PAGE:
Craiglockhart Hydropathic

Craiglockhart Hydropathic, now a part of Edinburgh Napier University and known as Craiglockhart Campus, is a building with surrounding grounds in Craiglockhart, Edinburgh, Scotland. As part of a large extension programme by the university in the early 2000s the original building and surrounding campus underwent significant restoration and modernisation as a result many of the original interior features of the building are no longer visible. The exterior of the building has been preserved.

Main front showing the scale of the Hydropathic
View of the side of the campus showing the original Hydropathic building and the newly built Business School.

OriginsEdit

The estate in which the Hydropathic's building lies was sold in 1773 to Alexander Monro, who was second of three generations to be Professor of Anatomy at the University of Edinburgh. It stayed in the Monro family for more than a hundred years.

The Hydropathic and the War HospitalEdit

In 1877, the estate became the property of the Craiglockhart Hydropathic Company, who set about building a hydropathic institute.[1][2] The Hydropathic was built in the Italian style by Architects Peddie & Kinnear.[3] Craiglockhart remained as a hydropathic, until the advent of the First World War.[1][2] Between 1916 and 1919 the building was used as a military psychiatric hospital for the treatment of shell-shocked officers.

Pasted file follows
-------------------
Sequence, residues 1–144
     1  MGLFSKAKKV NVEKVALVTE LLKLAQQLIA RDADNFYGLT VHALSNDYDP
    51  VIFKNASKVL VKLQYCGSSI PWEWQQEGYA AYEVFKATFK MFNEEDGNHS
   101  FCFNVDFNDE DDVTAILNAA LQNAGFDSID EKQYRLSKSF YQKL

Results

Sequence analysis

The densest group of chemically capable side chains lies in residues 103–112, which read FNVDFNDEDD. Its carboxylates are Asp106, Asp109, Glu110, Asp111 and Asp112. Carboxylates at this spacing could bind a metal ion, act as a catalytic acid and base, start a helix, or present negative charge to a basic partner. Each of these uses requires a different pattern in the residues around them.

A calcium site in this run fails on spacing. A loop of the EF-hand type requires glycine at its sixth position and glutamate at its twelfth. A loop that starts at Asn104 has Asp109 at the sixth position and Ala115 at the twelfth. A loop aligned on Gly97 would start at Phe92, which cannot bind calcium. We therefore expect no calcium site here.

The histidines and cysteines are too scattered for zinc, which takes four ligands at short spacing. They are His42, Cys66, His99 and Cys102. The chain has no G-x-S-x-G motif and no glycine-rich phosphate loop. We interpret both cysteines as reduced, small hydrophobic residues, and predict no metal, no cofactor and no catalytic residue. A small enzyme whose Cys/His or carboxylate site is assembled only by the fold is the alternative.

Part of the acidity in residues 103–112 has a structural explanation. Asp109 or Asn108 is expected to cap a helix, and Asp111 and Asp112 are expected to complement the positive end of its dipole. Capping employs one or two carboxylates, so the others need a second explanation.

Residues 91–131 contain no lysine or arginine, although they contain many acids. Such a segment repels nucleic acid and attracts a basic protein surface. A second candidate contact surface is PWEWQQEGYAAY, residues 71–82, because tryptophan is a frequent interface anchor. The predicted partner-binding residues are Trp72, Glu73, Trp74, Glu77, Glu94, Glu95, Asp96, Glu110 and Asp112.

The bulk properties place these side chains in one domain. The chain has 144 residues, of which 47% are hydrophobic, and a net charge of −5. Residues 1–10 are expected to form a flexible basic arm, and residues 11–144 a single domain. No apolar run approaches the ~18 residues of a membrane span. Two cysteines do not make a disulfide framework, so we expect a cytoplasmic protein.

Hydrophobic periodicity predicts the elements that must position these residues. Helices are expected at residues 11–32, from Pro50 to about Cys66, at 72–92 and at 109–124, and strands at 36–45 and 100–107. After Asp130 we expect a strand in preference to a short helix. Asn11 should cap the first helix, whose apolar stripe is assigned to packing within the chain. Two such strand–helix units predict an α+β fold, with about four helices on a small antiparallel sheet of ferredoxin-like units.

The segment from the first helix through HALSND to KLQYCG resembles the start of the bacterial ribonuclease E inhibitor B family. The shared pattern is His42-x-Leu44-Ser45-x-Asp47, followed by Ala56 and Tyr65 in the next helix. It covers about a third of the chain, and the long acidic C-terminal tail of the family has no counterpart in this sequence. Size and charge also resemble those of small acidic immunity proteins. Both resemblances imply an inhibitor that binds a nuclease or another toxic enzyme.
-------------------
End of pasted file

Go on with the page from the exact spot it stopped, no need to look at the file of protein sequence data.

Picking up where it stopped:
Probably the most famous patients of Craiglockhart were the poets Siegfried Sassoon and Wilfred Owen, whose poems appeared in the hospital's own magazine called The Hydra. Wilfred Owen was the editor of the magazine during his stay. Siegfried Sassoon was sent to Craiglockhart, as a response to his "Soldier's Declaration", an anti-war letter. He later wrote about his experiences at the hospital in his semi-autobiographical novel, Sherston's Progress.[4] There is now an area within the building that celebrates the life and work of both Sassoon and Owen and their meeting at Craiglockhart.

The best known of the doctors assigned there was W. H. R. Rivers. The Hospital featured in the 1991 book Regeneration by Pat Barker, and the 1997 film adaptation by the same name, in which the institution was known as Craiglockhart War Hospital.

Later usesEdit

The building then became a convent for the Society of the Sacred Heart, before serving as a Catholic teacher training college.[5] It then passed to the then Napier College, and was used by that institution and its successor, Napier Polytechnic; thus it is now part of Edinburgh Napier University. Much of the old building has been retained, and an extensive new wing has been built behind it to house the Business School.

See alsoEdit

Coordinates: 55°55′05″N 3°14′25″W / 55.91812°N 3.24019°W / 55.91812; -3.24019

ReferencesEdit

  1. ^ a b Bradley, James; Dupree, Mageurite; Durie, Alastair (1997). "Taking the Water Cure: The Hydropathic Movement in Scotland, 1840-1940" (PDF). Business and Economic History. 26 (2): 429. Retrieved 17 November 2009.
  2. ^ a b Shifrin, Malcolm (3 October 2008). "Victorian Turkish Baths Directory". Victorian Turkish Baths: Their origin, development, and gradual decline. Retrieved 12 December 2009.
  3. ^ Gifford, John; McWilliam, Colin; Walker, David (1984). The Buildings of Scotland. Edinburgh. Harmondswort, Middlesex: Penguin Books Ltd.
  4. ^ "The War Poets - Siegfried Sassoon". The War Poets at Craiglockhart. Retrieved 5 April 2013.
  5. ^ "Society of the Sacred Heart Provincial Archives". Irish Archives Resource. Retrieved 3 September 2019.

External linksEdit